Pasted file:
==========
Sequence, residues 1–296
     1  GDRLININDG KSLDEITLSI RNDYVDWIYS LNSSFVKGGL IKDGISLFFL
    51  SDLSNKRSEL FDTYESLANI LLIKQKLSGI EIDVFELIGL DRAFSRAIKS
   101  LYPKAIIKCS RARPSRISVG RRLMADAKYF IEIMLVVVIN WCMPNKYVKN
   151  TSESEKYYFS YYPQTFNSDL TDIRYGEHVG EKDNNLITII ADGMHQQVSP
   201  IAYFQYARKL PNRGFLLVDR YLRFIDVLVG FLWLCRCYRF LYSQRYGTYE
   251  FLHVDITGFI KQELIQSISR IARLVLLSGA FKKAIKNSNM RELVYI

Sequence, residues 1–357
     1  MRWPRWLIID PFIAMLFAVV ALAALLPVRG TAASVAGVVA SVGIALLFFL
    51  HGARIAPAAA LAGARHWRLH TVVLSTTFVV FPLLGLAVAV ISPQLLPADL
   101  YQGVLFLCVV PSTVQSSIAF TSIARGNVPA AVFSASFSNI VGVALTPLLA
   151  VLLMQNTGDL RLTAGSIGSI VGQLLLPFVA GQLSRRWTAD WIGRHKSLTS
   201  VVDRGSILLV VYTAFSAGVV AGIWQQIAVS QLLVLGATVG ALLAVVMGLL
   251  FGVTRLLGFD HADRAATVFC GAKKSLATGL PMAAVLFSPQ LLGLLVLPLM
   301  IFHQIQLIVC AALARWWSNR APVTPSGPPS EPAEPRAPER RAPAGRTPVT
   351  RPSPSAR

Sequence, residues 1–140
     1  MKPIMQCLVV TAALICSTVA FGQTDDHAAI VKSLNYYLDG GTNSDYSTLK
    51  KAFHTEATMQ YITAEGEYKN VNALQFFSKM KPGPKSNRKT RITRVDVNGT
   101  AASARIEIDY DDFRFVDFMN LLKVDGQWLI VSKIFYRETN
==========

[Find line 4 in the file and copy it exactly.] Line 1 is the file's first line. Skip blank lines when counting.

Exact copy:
   101  LYPKAIIKCS RARPSRISVG RRLMADAKYF IEIMLVVVIN WCMPNKYVKN